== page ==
The first step was the CS reaction with a 5-hydantoinacetic acid in the presence of the NHS and DCC according to the reaction of the amide bond formation (acylation). The process does not require any specific conditions—it takes place at room temperature, in an air atmosphere, in a relatively short time. During this reaction, the direct condensation of the carboxylic acid and amine was taken place. As reported in literature, the carbodiimides (e.g., DCC) are frequently used as a coupling agent in this reaction type. This method appeared an uncomplicated and useful technique for the functionalization of the chitosan, which is also confirmed by the works of other authors on similar compounds [21,49,50]. The chemical structure of the obtained polymer, confirmed by IR and NMR spectroscopies, is shown in Figure 1.
To convert hydantoin-containing chitosan film into N-halamine hydantoin-containing chitosan film (where N-H bonds were transformed into N-Cl bonds, which presence guarantee the biocidal properties of the obtained material), the reagents were mixed and stirred for one hour at room temperature with TClCA. Both specimens—CS-CMH and CS-CMH-Cl were obtained in the form of the films insoluble in water.

2.2. FTIR and NMR Characteristics of the Received Materials

For confirmation of the expected structures of studied biopolymers, 13C NMR in solid state and FTIR spectra were done. The infrared spectra of the received chitosan films are presented in Figure 2. From the CS spectrum, the characteristic wide bands with maximum at 3360 and 3294 cm−1, assigned to the N-H stretching vibrations of the amine group, were found. The bands at 1650 cm−1 (Amide I, C=O stretching), 1590 cm−1 (Amide II, NH2 bending) and 1317 cm−1 (Amide III, C–N stretching) were also observed. Furthermore, the typical bands for saccharide structure appeared at 1151 cm−1 (anti-symmetric stretching of the C–O–C bridge), 1060 and 1025 cm−1 (skeletal vibration of C–O). The presence of the band at 1375 cm−1 attributed the -CH3 vibrations of the acetamide group indicates that chitosan is not completely deacetylated [51].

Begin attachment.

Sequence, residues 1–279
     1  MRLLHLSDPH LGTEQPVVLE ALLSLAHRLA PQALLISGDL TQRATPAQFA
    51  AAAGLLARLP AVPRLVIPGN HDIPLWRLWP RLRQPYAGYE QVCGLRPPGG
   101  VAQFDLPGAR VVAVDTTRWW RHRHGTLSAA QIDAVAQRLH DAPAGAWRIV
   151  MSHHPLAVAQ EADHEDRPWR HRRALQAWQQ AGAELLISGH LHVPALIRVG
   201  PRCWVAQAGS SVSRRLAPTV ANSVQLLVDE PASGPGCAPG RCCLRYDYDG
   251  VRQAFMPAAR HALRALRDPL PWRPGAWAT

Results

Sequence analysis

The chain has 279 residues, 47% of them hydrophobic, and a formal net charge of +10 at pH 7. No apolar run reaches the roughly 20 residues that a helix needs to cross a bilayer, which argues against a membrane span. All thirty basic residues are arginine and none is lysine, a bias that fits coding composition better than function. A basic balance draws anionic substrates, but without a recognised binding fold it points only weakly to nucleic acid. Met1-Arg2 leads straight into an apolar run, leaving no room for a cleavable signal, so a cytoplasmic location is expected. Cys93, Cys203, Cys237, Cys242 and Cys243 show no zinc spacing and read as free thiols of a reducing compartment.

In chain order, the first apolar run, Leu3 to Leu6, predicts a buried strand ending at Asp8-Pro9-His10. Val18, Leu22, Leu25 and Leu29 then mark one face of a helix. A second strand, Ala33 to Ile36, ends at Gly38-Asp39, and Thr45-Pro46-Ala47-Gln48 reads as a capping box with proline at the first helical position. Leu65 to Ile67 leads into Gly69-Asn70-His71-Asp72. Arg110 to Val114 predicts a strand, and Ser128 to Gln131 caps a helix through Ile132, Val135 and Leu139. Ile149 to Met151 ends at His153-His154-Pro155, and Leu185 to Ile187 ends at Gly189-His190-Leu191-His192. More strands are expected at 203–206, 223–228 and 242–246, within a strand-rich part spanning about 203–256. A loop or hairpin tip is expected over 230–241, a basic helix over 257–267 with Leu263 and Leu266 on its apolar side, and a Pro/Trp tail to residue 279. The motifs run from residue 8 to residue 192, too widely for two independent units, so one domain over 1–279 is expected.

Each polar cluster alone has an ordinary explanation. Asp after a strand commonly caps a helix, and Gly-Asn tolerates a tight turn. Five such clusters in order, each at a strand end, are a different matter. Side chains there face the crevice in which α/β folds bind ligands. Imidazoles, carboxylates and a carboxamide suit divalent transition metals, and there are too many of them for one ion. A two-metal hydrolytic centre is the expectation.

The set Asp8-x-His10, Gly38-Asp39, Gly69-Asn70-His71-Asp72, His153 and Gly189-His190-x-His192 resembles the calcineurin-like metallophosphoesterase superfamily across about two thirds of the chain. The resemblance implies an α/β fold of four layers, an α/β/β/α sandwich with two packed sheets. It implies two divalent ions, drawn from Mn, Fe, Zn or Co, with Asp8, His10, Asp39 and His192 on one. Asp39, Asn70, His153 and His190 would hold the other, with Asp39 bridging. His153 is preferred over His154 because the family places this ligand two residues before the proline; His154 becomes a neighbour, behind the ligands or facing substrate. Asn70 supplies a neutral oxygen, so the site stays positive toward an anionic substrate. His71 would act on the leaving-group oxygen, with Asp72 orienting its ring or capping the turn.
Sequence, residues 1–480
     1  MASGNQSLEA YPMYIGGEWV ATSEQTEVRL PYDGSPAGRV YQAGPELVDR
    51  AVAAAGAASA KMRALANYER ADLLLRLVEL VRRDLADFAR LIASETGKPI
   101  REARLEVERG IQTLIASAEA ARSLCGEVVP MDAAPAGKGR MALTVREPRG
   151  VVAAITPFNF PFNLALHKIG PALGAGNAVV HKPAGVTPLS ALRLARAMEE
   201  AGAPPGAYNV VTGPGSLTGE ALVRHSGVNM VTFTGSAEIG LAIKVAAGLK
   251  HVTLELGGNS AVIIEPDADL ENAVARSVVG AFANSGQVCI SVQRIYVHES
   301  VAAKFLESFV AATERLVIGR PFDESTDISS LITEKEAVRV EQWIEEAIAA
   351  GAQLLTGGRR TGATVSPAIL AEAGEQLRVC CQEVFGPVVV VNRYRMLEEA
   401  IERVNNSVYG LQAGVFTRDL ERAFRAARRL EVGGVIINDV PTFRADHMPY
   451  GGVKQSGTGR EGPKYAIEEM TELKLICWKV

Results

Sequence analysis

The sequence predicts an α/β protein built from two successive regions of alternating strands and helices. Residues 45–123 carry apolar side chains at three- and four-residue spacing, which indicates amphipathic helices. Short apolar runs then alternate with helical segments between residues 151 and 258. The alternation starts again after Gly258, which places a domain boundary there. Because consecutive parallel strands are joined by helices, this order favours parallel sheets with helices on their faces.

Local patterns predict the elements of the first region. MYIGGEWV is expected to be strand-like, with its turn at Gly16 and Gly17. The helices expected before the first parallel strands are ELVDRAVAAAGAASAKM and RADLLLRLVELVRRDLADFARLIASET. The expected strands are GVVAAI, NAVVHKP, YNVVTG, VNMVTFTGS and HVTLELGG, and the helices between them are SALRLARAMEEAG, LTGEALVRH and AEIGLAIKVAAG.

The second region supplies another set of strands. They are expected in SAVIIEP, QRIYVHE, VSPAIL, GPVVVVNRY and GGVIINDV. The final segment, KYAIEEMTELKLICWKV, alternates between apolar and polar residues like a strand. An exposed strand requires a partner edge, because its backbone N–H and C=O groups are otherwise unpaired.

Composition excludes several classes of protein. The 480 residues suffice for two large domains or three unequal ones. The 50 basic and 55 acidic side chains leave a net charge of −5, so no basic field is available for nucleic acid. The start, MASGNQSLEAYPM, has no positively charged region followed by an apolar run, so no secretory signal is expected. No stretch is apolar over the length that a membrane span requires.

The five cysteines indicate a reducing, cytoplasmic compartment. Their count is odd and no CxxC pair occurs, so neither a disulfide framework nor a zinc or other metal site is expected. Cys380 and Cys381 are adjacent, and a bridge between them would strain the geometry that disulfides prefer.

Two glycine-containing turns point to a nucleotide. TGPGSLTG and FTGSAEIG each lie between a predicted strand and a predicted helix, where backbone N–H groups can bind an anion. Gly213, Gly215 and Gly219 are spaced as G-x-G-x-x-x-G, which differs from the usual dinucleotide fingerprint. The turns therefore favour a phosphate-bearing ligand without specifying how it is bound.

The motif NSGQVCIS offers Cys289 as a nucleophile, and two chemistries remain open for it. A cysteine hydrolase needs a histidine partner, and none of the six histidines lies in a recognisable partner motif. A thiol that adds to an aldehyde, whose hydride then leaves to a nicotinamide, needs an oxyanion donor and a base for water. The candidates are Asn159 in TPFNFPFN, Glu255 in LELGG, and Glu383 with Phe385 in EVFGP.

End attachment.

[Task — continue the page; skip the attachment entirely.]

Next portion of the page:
After chitosan modification, the new bands with maximum at 1760 and 1715 cm−1 appears in carbonyl region in CS-CMH spectrum. In addition, the band at 3394 cm−1 disappears and new band at 3438 cm−1 (Figure 2) is observed. This is the result of the NH groups presence from hydantoin rings. These observations confirmed the successful CMH substitution into the macrochains of the chitosan.
It can be seen, that after chlorination reaction, the wavenumbers of the carbonyl bands were negligibly shifted towards higher values (Figure 2). The wavenumbers of the C=O bands in the spectrum of the hydantoin-containing chitosan film were 1715 and 1760 cm−1 and in the spectrum of the N-halamine hydantoin-containing chitosan film—1718 and 1766 cm−1, respectively. The shift of the bands is related to the replacement of the hydrogen atoms with chlorine atoms, and thus, to the change of the chemical environment. Similar feature was found by Li and coworkers for the N-halamine modified chitosan films [41].
Moreover, in the CS-CMH spectrum, the characteristic bands of the stretching vibrations of the N-H bonds were observed in range 3000–3600 cm−1. However, in the spectrum of the CS-CMH-Cl, these bands were very week or not detected. It could be interpreted as an evidence of the high reaction yield and chlorine atom substitution. The transformation of the N-H bonds into the N-Cl bonds also causes the disappearance of the hydrogen bonds between the C=O and N-H groups (Figure 3), thus, observed shifts of the bands responsible for the stretching vibrations of the carbonyl group towards higher frequencies [52].
Both of the material components (CS and CMH) are compounds with a huge number of functional groups able to interact with each other. The tested N-halamines contains an electronegative nitrogen atom connected with a hydrogen atom as well as at least two carbonyl groups, hence hydrogen bonds are obvious. Such interactions compete with intramolecular hydrogen bonds in chitosan itself. A similar statement was postulated in previous works for other systems [48,53].
For a more precise determination of the structures of synthesized CS-CMH, the 13C-NMR spectroscopy was used. The CS spectrum shows characteristic for saccharide structure peaks at around 57.7 (C2), 61.5 (C6), 75.7 (C3,5), 82.6 (C4) and 105.5 (C1) ppm. The very weak peaks at 23.4 (CH3) and 174.1 (C=O) confirmed the presence of the acetamide groups in an incompletely deacetylated chitosan (Figure 4).
In the 13C-NMR spectrum of the CS-CMH, the similar, characteristic peaks for saccharide structure at 55.4 (C2,6), 71.2, 74.2 (C3,5), 84.6 (C4), 97.9 (C1) ppm were also observed. However, the peaks at 36.4, 159.1 and 175.8 ppm (attributed to -CH, -CH2 and carbonyl groups, respectively) from substituted CMH was detected. The 13C NMR and IR spectra of the received chitosan films are well consistent with the proposed structures of CS-CMH (Figure 1).
The 13C NMR spectrum of the CS-CMH-Cl was not presented because of the negligible differences in the chemical shifts of the individual signals after chlorination. The reason for the lack of changes in the spectra of chlorinated derivative (CS-CMH-Cl) is the absence of bonds between chlorine and carbon atoms (after chlorination, the N-halamine bonds, i.e., N-Cl, are formed).

2.3. Concentration of the Free Chlorine in Aqueous Extracts